Because the NDAA’s detention provisions effectively suspend due process. Sections 1021 and 1022 allow the military to detain anyone whom it -- without judicial review -- decides “substantially support[s]” al Qaeda or “associated forces” until the “end of hostilities.”
The NDAA even allows the military to ship off “covered persons” (including US citizens) and hold them overseas indefinitely. “[The NDAA] enshrines extraordinary rendition into law,” said Fairfax, California City Councilmember Larry Bragman (G). “We must resist. We must oppose. We must reverse.”
The NDAA’s detention provisions place enormous power in the president’s hands. They empower our government to ignore constitutionally guaranteed First, Fourth, Fifth and Sixth Amendment rights. The authority to arbitrarily detain anyone on the basis of mere suspicion is the very definition of authoritarianism.
The NDAA’s apologists believe our government would exercise such extreme powers only against real terrorists. History reveals their confusion.
In 1942, President Franklin D. Roosevelt authorized a military detention program that kidnapped over 100,000 Japanese-Americans and Japanese citizens, forcing their relocation to internment camps. Our government also caged around 11,000 Americans of German ancestry and some 3,000 Italian-Americans, none of whom presented a security threat.
Nor are these abuses confined to the past. Roughly a quarter of those housed at Communication Management Units in the Midwest, for instance, are young white men from the Pacific Northwest convicted of terrorism for acts of environmentally-motivated vandalism. The Animal Enterprise Terrorism Act even allows the government to treat undercover investigation of factory farms as an act of terror.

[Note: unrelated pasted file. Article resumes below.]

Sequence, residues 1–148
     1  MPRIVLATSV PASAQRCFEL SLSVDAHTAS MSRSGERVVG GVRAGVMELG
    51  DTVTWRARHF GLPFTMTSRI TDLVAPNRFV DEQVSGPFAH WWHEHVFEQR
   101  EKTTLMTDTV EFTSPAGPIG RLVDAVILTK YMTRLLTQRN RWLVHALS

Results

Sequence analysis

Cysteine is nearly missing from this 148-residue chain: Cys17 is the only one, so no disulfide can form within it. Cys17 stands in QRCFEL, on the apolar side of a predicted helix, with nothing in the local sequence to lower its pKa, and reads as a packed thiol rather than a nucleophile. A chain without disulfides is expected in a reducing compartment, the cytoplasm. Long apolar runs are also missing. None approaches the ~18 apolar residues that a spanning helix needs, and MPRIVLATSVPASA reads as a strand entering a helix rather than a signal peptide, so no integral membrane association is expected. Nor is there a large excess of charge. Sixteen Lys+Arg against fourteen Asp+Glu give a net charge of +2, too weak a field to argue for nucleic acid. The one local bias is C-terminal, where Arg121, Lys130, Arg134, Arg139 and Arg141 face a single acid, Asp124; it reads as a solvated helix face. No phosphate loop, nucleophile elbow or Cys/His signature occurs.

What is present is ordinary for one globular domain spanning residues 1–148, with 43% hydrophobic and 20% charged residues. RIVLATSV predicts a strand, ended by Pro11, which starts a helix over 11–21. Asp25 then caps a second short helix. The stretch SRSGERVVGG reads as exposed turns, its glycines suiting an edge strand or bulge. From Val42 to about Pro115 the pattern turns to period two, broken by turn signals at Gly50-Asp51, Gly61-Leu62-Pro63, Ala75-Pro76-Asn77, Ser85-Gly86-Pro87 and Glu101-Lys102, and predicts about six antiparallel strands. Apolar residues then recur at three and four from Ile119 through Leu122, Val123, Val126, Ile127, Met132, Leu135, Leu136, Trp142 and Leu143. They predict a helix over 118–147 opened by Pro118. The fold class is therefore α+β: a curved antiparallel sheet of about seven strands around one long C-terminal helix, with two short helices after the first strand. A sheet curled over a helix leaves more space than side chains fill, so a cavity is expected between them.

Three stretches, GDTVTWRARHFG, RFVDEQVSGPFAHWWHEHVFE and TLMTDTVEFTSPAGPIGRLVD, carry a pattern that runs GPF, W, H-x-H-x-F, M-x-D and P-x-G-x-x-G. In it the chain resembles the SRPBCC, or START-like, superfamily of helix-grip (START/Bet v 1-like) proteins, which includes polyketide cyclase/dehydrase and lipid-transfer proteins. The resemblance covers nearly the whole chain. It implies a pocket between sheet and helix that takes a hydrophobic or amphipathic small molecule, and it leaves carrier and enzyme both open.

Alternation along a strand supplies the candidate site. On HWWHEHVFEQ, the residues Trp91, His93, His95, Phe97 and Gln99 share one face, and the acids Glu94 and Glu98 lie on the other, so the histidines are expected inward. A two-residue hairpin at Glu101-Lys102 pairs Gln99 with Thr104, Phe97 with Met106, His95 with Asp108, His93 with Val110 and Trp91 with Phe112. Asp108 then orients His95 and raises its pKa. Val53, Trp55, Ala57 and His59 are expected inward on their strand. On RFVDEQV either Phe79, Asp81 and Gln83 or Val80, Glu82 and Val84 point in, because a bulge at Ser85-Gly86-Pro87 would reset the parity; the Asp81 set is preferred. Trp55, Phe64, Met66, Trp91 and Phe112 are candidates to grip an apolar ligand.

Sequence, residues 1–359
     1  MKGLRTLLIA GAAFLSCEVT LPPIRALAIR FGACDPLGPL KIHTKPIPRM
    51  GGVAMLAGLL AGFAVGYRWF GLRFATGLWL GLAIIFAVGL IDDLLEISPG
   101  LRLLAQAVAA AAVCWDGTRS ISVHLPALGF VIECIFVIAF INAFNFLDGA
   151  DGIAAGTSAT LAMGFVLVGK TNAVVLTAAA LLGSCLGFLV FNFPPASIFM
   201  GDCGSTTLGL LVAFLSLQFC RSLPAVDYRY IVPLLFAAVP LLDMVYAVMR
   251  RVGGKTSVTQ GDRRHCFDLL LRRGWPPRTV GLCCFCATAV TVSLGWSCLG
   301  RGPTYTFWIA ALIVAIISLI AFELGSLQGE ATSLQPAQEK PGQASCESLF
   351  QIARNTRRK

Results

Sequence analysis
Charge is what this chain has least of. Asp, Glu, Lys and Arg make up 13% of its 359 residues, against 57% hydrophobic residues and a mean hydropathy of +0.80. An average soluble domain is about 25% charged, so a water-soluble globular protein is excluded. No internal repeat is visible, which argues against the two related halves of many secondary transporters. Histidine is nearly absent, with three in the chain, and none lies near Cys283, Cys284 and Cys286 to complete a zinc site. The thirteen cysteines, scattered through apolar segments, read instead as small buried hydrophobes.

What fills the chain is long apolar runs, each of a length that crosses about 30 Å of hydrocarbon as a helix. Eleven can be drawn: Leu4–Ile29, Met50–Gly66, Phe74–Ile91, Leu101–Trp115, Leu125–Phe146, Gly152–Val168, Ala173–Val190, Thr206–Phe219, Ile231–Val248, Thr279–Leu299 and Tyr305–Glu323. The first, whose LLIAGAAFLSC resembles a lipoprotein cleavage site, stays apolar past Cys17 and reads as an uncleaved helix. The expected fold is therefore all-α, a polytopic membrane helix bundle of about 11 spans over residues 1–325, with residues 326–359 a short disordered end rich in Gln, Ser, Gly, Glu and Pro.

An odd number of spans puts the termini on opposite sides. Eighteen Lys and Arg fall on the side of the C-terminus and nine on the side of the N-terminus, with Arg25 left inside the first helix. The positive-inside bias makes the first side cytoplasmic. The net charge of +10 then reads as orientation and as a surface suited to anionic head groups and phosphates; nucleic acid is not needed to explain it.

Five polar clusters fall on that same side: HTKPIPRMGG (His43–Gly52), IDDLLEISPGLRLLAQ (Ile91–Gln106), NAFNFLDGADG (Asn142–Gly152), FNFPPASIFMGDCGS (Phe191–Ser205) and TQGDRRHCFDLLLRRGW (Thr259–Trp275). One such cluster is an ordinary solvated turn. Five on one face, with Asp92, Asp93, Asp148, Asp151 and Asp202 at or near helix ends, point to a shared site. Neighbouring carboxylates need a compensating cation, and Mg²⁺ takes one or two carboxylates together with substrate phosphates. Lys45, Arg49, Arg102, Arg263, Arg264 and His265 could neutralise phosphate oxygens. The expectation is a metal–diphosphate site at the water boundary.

Our Founders left us a Constitution precisely to prevent these kinds of abuses. Representatives Smith & Amash, inspired by their example, aim to restore basic due process rights for every person on American soil and ensure a civilian trial for those accused:
[T]rial and proceedings shall have all the due process as provided for under the Constitution of the United States. No person detained, captured, or arrested in the United States…may be transferred to the custody of the Armed Forces for detention….
These principles should not be controversial in a nation heralded as the “land of the free.”
Congress will also consider other measures claiming to fix the NDAA. Two, introduced by Representatives Ron Paul (R-Tex.) and Jerrold Nadler (D-N.Y.), are worthwhile but have not mustered enough support to force a vote. Two others, one from Reps. Scott Rigell (R-VA) and Jeff Landry (R-LA), and another from Senator Diane Feinstein (D-Calif.) and Rep. John Garamendi (D-Calif.), are counterproductive and could wreak even greater constitutional havoc than the NDAA itself.
In contrast, the Smith-Amash proposal is carefully tailored to preserve constitutional liberty. It would prohibit the military from seizing or detaining individuals in the U.S., while also closing the door on the Bush administration’s use of the 2011 Authorization to Use Military Force in Afghanistan (AUMF) as a basis for domestic military detention.
As Americans, we should not trust any president with the powers authorized by the NDAA. Not President Obama. Not President Bush. Not the next president. Not any future president. Yet, last December, Congress gave every future president this unchecked executive power.
Our defense must not come at the expense of our freedom. Representatives Smith & Amash -- like "We the People of the United States" clamoring across the country -- aim to unite our divided nation under the liberty promised by our Constitution. Everyone who has taken the oath of office owes them a vote.
Maharrey is national communications director for the Tenth Amendment Center and Buttar is executive director of the Bill of Rights Defense Committee.